In the 1960s and ’70s, Julia Child, that marvelous home cooking enthousiast, taught us how to cook bœuf bourguignon, and all the other great French recipes, Meryl Streep did some sort of re-editing in 2009 with Julie & Julia, and although I had known about bœuf bourguignon before, I must admit that both Julia Child and Meryl Streep are to blame for my constant trying of making the perfect (let’s shorten it) b.b. ever since I first saw the picture. This Easter Sunday, however, when making b.b. at my parents’ place, I was left to my very own devices, meaning I had neither a cook book nor a DVD at hand, and so I had to put all my beef in one basket, and to rely on my not too trustworthy memory. Well, I could have done better, my b.b. was certainly not a price winning dish, but it wasn’t too bad, either—as a matter of fact, there were no leftovers…

Good Friday’s Good Fish

Actually, we had planned to have dorados for dinner on this Good Friday, but then all of a sudden our gardener came over, telling us he knew somebody who knew somebody who knew some trouts and as he knew we loved fish, he didn’t tell none of all these somebodies that he doesn’t like fish at all, not even on Good Friday, and brought us his share of the trouts that used to know somebody who knows somebody who knows our gardener. It was all very mysterious, but as one isn’t supposed to look a gift fish in the mouth, we took a rain check on our dorados. A rain check, we did not regret at all: Boy, these trouts were ever so good!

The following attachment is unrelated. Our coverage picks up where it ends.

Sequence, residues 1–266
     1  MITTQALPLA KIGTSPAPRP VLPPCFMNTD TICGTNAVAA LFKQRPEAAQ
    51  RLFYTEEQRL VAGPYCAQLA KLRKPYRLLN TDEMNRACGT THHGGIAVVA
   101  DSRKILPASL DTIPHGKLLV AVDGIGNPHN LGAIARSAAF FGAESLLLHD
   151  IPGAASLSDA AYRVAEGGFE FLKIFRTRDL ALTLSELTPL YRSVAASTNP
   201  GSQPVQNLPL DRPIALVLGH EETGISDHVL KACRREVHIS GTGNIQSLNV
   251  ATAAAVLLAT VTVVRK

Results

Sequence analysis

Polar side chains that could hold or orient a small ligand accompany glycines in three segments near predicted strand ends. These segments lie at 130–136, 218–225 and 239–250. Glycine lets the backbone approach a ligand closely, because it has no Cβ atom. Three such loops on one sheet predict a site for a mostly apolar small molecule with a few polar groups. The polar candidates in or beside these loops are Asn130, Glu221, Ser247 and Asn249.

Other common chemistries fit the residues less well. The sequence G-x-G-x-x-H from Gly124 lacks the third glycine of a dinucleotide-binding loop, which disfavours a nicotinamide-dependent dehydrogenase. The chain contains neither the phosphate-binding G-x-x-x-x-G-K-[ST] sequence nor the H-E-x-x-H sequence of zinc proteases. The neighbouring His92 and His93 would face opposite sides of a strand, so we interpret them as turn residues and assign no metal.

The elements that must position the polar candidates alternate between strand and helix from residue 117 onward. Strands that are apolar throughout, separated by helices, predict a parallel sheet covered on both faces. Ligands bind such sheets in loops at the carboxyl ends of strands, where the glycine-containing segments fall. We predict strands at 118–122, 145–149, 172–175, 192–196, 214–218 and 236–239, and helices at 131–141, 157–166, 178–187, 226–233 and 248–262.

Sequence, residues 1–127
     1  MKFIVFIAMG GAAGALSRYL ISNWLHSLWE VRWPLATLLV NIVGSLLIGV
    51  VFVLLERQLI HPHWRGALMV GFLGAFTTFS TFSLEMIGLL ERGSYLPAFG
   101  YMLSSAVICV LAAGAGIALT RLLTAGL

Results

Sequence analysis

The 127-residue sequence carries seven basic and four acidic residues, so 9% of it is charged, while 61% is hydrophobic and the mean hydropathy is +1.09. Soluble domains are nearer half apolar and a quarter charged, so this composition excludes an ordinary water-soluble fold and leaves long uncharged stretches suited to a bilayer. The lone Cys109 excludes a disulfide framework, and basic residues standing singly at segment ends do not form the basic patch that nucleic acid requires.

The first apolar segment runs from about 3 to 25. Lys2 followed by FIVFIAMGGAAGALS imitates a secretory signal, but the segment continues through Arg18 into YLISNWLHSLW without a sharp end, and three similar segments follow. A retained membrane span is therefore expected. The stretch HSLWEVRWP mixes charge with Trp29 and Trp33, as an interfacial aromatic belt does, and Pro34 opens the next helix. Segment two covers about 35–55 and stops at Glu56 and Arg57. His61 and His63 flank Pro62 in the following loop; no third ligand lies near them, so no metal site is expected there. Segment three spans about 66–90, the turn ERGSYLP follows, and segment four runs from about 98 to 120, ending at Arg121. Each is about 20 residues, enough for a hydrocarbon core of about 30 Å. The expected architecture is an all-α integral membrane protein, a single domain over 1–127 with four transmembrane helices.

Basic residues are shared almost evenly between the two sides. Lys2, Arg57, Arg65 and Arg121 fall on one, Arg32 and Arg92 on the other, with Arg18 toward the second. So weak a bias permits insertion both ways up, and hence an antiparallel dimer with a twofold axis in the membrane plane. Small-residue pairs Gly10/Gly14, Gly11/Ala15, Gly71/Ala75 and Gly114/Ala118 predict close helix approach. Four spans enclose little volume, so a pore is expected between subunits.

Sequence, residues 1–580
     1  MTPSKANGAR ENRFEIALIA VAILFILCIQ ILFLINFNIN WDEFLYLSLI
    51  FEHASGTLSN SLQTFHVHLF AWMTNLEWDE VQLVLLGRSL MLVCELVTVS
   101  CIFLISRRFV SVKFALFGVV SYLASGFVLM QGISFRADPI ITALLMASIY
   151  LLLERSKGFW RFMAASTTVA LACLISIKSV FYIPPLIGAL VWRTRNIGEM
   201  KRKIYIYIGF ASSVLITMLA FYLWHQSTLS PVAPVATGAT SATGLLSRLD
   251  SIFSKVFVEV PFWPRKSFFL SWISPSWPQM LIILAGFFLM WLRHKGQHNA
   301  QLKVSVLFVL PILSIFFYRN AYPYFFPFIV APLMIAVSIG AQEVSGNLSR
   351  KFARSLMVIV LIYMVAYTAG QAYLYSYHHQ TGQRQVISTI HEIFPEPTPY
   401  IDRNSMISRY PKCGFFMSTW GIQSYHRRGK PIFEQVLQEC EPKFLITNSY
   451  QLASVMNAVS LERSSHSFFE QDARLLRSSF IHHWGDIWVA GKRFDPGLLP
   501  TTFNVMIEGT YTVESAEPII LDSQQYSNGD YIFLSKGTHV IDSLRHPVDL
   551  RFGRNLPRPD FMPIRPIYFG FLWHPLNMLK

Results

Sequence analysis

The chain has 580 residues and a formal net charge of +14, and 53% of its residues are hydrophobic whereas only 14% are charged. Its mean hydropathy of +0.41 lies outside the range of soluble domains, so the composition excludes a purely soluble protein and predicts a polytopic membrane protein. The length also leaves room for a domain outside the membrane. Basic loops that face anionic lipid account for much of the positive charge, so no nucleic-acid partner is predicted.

The Snack Who Came In From The Cold

I ran out of chips and anything crunchy to snack while watching TV, supermarkets were already closed, so I had to come up with something else. What’s crunchy, I asked myself, what’s crunchy and salty and yummy? Nuts! Roasted almonds! Stupid idea though, as I had none at home. So, I asked myself, what’s crunchy and salty and yummy and available? I opened the fridge so that a bottle of beer could give me a leg up, when a cucumber caught my eye. Well, you’re crunchy, but you’re not salty at all, and, quite frankly, not that yummy either. But then I got inspired by divine intervention, or the Irish flag, who knows, and put together trout caviar, cream cheese, and sliced cucumber! Very crunchy, very salty, and, most importantly, very yummy. Now, what’s on TV? Jeanne Moreau? Great!